I do. All the bloody time. Head like a sieve.
But worse than just forgetting is when I get the dangerous idea in my head that play is not that important, that it’s a kind of luxury add-on, something I must earn the right to enjoy.
And I have a stupid little theory about it that doesn’t really go anywhere but it might amuse you on a Saturday afternoon.
They say our wonderfully unique human brains evolved over millions of years, and that whilst our environment has changed since we were cavemen, our actual hardware is pretty much the same. You’ll often hear it said that such-and-such characteristic is “a hangover from our cave-man days.”
Well, I don’t doubt all that. I don’t doubt that a lot of what we’re about is a hangover from thousands of years ago. We’re literally brilliant apes. But here’s something I haven’t found a decent explanation for. I have something living in my head that’s a hangover from times gone by. But it’s a far more recent hangover. This one’s not from thousands of years ago, but from more like a hundred.
It’s a Victorian school-master.
There’s a Victorian school-master living in my head. If I’m not careful, he takes over. If I don’t do something to stop him, this sub-Dickensian prick can ruin a day, a week, even a month.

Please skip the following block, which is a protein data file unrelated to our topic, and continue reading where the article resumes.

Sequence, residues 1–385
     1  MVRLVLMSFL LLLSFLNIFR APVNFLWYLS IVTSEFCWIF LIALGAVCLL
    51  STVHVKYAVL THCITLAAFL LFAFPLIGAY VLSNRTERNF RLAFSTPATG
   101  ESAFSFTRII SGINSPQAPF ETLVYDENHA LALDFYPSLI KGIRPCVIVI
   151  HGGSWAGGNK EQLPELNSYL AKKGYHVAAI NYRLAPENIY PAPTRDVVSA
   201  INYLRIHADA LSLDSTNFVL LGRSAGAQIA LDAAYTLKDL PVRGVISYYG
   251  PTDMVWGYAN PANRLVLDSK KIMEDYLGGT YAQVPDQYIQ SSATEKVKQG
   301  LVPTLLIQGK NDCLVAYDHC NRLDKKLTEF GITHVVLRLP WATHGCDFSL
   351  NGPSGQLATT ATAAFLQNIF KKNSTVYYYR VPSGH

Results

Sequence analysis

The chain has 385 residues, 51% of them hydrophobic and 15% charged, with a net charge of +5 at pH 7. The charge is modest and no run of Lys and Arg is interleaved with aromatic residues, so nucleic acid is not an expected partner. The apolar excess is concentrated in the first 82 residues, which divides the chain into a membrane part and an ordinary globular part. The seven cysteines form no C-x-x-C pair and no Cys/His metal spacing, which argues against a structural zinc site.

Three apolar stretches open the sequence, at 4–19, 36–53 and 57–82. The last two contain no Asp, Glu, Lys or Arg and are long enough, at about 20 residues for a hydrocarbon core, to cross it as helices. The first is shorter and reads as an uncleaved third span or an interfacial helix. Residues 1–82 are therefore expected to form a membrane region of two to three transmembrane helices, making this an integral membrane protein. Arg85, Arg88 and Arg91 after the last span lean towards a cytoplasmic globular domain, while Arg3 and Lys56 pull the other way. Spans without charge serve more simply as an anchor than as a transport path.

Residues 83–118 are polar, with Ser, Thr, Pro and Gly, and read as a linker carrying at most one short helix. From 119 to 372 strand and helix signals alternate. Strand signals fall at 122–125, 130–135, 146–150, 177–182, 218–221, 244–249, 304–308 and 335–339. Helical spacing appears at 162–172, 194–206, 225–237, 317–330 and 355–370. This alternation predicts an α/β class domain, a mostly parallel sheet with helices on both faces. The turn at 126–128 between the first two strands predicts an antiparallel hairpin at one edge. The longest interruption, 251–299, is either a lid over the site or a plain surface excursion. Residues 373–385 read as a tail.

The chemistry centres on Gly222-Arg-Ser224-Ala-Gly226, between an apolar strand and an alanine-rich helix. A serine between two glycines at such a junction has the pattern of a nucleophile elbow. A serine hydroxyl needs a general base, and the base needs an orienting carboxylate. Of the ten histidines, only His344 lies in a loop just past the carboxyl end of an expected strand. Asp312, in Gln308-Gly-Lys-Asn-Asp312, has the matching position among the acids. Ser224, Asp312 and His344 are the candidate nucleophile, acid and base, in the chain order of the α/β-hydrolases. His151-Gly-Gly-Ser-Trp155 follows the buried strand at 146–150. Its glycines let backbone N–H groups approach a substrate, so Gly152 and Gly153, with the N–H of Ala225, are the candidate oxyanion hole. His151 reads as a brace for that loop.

He’s got all kinds of weapons – his strict, upper-class demeanour, for one – but he likes to take aim chiefly at the one he despises above all: “play.”
“Play is frivolous,” he says, cane in hand.
“Play is for the lower classes, the unwashed,” he says, his top-hat quivering as he approaches my desk.
“Play is lesiure, and leisure is not earnt until one has done their daily duty to God and to the Queen,” he says, rapping on my knuckles with his cane.
“And you boy, you certainly haven’t earnt it yet!”
Oh, fuck off, clean-shirt.
Nobody liked you back then, and nobody likes you now. You don’t have to take it out on me. I don’t want you. Get the fuck out of my head. I’m sick of you.
All you do is tell me that everything I like is bad for me. That if I question you, that if I don’t repent, that if I don’t submit, I’m going straight to hell. You go out of your way to make my life miserable. And for what? For my own good? So I’ll end up in your 19th century version of heaven?
Fuck your heaven. If it’s full of people like you, I’d rather be in hell.
Play is the very opposite of all the things my Victorian school-master claims it to be.
It is beneficial to the mind and the body. It is freely available to every demographic on the planet. It makes you nicer to be around. It makes you sleep better at night. It takes the weight of the world off your shoulders, even just for a moment.
Make time to play every day – you need it just like you need food and water. And if you don’t think you can spare the time – if you’ve let your Victorian school-master take over – then believe me, you really need it.